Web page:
I really only write spec scripts so I am glad they sell...otherwise I'm screwed. I write what I want to make so naturally this leads me to spec. I hate the thought of a 'Hollywood'... that doesn't make spec scripts.
It's why I want to be a director.

Pierre Langenegger

I've got to question the Josh Gordon entry as being a first timer, William. Considering it's listed as"Untitled Josh Gordon Project", I'm guessing it's the same Josh Gordon who already has 9 director credits and one short writing credit as well as some producer credits.

Sam Borowski

Bruce Burnett, if you write spec scripts and you want to be a director, you should team up with a producer who can help you and make independent films. It IS possible to get Hollywood to stand up and take notice of you by doing that. Look at what Ryan Coogler achieved with Fruitvale Station. (And, that's in recent times. When Quentin Tarantino made Reservoir Dogs with producer Lawrence Bender, he was not a hot commodity. Ditto for Kevin Smith with Clerks. We've all heard these stories before.) But, you have to be willing to not only band up with a quality producer, but put your work under the microscope to be the best it can be. A filmmaker showed myself and a younger director something once. The younger director remarked, "It was on the level of a good student film you would make in high school." My comments were even harsher than that. You also have to recognize in raising the money, you have to get a very good cast - and that IS attainable, again, if you get the right producer and have a great script and raise a little bit of capital, which can be done. IT CAN BE DONE! So, think of this, rather than a Hollywood that doesn't buy spec scripts, which it still does. But, by going the independent route, you can make Hollywood stand up and take notice. GOD BLESS and STAY FRESH! ;)

Bruce Burnett

You hit the nail on the head Sam. I couldn't agree with anyone more. I made one film 'A LARPer's Love Story' with my own cash and though the film wasn't good...the experience was incrediblely valuable.
But a good producer is everything. That's what I learned. Oh ya... and don't use you own money. I am working on another film now = animated. It's called, 'Putzick, Herder of Digla, Basic Business'.
Below is a Digla

Sam Borowski

Bruce, Break Legs with your new film! I will say the title is a bit wordy. Keep that in mind, especially for festivals and online when people peruse the titles to see if they're interested! And, I love that you took what could have been a negative experience with your first film and made it a positive one. That's a GREAT ability and will help you as you navigate through the rough waters of the Entertainment Business. ;) GOD BLESS and STAY FRESH! ;) ;)

Annette F Hummell

There are some rules made to be broken, don't be afraid to send your script to everyone who deals with your genre. I plan to do this myself and lately been considering looking to make it myself.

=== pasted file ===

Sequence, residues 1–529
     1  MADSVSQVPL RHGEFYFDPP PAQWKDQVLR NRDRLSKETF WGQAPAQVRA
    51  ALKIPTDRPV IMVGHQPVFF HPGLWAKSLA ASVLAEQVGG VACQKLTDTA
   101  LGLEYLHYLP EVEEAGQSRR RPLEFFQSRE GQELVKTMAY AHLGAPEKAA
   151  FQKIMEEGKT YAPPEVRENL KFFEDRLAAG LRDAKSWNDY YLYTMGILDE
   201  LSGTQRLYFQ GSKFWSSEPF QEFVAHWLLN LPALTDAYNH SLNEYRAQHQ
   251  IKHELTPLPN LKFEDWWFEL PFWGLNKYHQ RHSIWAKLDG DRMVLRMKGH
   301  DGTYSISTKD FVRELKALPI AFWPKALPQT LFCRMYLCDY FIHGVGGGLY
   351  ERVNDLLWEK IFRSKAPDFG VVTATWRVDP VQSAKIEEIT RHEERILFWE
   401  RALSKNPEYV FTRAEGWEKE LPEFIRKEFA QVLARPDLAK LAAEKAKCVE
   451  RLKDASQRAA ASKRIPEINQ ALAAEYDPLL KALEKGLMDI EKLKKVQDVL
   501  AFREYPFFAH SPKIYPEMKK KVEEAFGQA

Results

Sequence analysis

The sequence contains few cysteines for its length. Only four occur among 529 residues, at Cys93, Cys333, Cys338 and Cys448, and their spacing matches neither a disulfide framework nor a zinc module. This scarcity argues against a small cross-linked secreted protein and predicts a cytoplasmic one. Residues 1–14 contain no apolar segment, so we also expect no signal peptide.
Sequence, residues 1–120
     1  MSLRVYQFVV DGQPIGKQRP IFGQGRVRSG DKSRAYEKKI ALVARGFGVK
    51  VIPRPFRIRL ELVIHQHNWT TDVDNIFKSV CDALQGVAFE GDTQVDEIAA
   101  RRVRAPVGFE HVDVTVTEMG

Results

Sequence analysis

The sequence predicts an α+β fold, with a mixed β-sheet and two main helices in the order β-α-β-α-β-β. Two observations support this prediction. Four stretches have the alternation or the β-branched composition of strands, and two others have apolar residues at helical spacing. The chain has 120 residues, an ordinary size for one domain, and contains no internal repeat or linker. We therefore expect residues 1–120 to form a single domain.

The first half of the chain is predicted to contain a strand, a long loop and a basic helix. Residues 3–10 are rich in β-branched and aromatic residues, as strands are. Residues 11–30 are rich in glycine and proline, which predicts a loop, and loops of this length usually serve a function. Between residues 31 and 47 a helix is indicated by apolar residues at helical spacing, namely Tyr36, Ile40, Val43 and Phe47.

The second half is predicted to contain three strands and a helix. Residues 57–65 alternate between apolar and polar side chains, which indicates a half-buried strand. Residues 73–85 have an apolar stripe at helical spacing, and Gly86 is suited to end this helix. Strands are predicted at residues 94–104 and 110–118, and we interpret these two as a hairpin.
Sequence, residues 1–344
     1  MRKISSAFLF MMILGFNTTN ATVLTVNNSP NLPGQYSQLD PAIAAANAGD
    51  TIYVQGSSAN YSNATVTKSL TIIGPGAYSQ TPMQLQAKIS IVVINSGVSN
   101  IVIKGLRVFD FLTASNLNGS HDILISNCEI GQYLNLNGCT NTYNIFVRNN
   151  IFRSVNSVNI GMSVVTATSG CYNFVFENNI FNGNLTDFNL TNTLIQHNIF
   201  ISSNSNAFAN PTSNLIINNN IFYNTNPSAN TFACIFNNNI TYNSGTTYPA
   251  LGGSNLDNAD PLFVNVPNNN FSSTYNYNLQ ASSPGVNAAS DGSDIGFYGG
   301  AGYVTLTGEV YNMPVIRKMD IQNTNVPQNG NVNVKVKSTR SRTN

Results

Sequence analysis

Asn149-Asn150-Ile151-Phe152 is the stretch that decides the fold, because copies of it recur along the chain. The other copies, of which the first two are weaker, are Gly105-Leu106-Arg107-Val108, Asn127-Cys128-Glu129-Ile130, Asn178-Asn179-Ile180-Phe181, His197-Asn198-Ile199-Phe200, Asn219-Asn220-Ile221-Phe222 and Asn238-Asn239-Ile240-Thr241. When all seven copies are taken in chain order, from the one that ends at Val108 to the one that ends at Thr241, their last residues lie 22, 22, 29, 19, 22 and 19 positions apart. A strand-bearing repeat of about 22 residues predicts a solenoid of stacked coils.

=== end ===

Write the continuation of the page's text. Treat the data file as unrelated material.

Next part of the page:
Toby Tate

I'm a successful novelist with four traditionally published novels, one self-published novel, and two novellas under my belt. I wrote my first screenplay three years ago and spent a year trying unsuccessfully to sell it.

In 2016, I decided to write a screenplay that would require a much lower budget to produce. I found an independent production house which had already produced two successful films in my genre (horror), and they liked the screenplay. We brought in another producer who helped us refine the script, and I also got coverage from two different producers here on Stage 32.

Instead of giving up the script for a payout, I put some skin in the game and signed up as co-producer and I am sharing co-writing credits with the director and producer.

A year later, after dozens of pitches on Stage 32 and elsewhere, we have landed a distributor and are about to finalize the production funding.

I am very happy with my decision to co-produce and help raise money for my own project, because,'s my own project! I have a much bigger piece of the action than I would have otherwise, and I am much more involved than I would have been just handing my screenplay over.

Eventually, I will probably try selling a screenplay, but for now, indie production is going to be my thing.

Sam Borowski

Toby, I always encourage writers to learn producing - and production - so they can get in the conversation. Get in the game. Have more of a say. AND< a better chance to GET THE MOVIE MADE! GOD BLESS and STAY FRESH! ;)

Toby Tate

Thanks Sam - you too! And I'm a huge fan of Ernest Borgnine, by the way - from McHale's Navy, Poseidon Adventure, The Devil's Rain and Escape from New York to Mermaid Man!

Mauro Ferritto

I’m surprised this is still a question. Of course. 1000% of course it’s possible for an unknown to sell a spec. Why wouldn’t it be? You have a great script that’s ready to sell, it won’t be hard at all. No harder than a pro writing a spec and trying it sell it.
Actually the easiest part is the selling. The hard part is writing something great enough to have someone want to buy it - albeit a studio or producer.

Dan MaxXx

Year 2017, less than 70 spec scripts sold for bigtime money that made the news. I guess there's more than 70 Buyers in a free market.

Bill Costantini

Conversely, there are thousands and thousands of people WITH connections that can't sell a script. Hope that puts a fresh cartridge of ink in your pen, Victor.

Bruce Burnett

70...that I call good news. Actually more than I thought. Yaaaa. I would rather wait to sell something new and original than be tossed cash for another washed out premiss or rehash. Here's to originality selling...cheers!

Dan Guardino

Almost every screenwriter starts out as an unknown so the answer would have to be yes.

Monique Amado

Of course it is! Jonathan Perera wrote 'Miss Sloane' (which starred Jessica Chastain), got it into the right hands and within a year it was in pre-production. Anything is possible. He's also brilliant, so that didn't hurt. Read this article on ScreenCraft's site: